“I Am A Sword” is built on Finn’s relationship with an object in his life, so Moynihan and Alden fill the episode with little moments showing characters interacting with various items. Bandit Princess gets off on making her gold coins make out with each other, Jake is constructing with Tinkertoys when Finn goes to him for emotional support, and Jake has Finn play a “modern videogame” to lighten his mood. One of my favorite scenes in the episode has Finn telling Jake and BMO about his nightmare while Jake fills a pancake with goop and BMO tries to use a stapler, and these actions are excellently used to add humor to the conversation.
I’m not quite sure what the metaphor driving this episode is, but a short scene with Finn lamenting how he took the sword for granted makes me thing the writers are exploring the remorse and regret that come when something personally valuable is lost. The Finn Sword is literally Finn, but in the real world, people imprint themselves on certain objects in their lives, and losing them can be especially painful.
I remember losing my favorite stuffed animal as a child during a family vacation, and how it felt like I’d lost a part of myself. As a comic-book collector, I’ve developed some strong emotional connections with certain physical books. When I go through my collection looking for things to sell, I’m not necessarily keeping books that are valuable or that I will ever read again, but ones that have an important place in my heart because of who I was when I first read them. We give objects power, and it hurts when these objects are lost and/or broken, in the cast of the Finn Sword. Finn’s pain is even more intense because of the fantastic circumstances of his situation, but as the end of this episode reveals, the Finn Sword may have a second life in the future.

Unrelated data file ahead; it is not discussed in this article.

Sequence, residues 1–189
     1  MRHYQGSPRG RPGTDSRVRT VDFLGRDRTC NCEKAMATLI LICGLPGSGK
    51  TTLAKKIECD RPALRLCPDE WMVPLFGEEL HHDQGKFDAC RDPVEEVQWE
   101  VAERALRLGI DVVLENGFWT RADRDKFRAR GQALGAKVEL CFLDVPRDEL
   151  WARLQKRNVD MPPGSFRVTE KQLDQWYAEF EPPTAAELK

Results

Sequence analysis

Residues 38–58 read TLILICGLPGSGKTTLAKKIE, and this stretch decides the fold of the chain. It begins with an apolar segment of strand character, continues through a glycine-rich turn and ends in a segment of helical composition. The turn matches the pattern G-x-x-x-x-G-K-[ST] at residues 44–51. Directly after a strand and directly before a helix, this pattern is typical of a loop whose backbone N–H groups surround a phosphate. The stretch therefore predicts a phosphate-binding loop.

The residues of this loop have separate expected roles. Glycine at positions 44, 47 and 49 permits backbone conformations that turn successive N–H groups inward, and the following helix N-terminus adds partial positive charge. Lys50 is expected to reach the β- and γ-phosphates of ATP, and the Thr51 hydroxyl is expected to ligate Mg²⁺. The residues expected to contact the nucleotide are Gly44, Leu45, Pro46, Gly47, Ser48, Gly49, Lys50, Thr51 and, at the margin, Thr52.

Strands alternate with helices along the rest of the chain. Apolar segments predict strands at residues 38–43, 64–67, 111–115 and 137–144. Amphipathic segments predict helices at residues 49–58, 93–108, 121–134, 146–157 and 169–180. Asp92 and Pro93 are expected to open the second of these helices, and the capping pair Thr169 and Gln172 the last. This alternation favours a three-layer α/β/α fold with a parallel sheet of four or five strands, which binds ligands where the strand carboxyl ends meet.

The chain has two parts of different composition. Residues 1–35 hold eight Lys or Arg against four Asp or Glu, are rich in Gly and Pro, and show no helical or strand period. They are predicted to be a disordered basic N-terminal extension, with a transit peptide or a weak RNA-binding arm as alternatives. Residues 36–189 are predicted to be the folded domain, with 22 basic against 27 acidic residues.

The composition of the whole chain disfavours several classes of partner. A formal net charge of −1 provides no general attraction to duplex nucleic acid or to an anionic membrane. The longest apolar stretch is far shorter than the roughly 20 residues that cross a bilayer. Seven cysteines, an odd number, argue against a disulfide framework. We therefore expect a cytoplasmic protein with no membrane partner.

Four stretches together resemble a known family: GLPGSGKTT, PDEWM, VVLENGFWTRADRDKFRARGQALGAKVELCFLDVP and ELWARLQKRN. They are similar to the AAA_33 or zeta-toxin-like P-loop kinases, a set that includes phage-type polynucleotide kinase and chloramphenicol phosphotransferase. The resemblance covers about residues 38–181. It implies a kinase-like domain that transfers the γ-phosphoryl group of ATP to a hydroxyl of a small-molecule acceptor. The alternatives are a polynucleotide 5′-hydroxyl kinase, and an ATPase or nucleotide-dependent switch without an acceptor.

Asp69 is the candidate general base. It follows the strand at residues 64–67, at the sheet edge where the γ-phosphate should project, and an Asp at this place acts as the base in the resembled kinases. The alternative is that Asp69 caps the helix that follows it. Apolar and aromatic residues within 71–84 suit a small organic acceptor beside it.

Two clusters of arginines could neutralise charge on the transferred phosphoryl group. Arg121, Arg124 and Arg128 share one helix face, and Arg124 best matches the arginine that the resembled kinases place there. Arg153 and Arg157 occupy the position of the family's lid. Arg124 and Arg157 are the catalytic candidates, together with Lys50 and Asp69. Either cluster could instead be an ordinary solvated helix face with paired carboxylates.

- Grass Sword breaks Finn Sword, Finn Sword starts to glow green. What could it mean???
- I don’t get the joke with Science Cat’s vials of chemicals (Scandium, Ruthenium, Cerium, Einsteinium) which then dissipate and leave letters IENL in the air. Can any chemistry-minded folks help me out here?
- Subjects of Finn’s nightmares: break-up, The Lich, Jake dying, Finn dying, other break-up, growing up, not growing up, spiders.
- Metaphor Temple is an amazing name for a text-based videogame. I want to play it.
- I love Finn’s intense face when he says “this is freakin’ serious”.
- “I’m not sure I’m totally scoopin’ what you’re poopin’.”
- “Wakin’ up screamin’ again.”
- “I couldn’t get your mouth right. Sorry!”
- “Do you ever take those off?”
- “Talking to animate objects. (To power cord.) Get a load of this guy.”
- “I was born with rabies and my parents didn’t love me ‘cause they both had mono!”
- Finn: “We’ll get your husband’s head, Sharon.” Sharon: “And the gold, please.”
- “Gray area wet wipe.”
- Finn: “You guys got swords, why didn’t you do anything?” Spiky Person #1: “Oh, this isn’t a sword. It’s a massive a hangnail.” Spiky Person #2: “I got one too. It hurts.”
- “Give this tranch acute arthritis!”
- “You mean some people are just a pure city sidewalk boom-boom from a red dunk and that’s all there is to it?” I don’t think I have this quote exactly right, but if this is the exact line, I love it even more.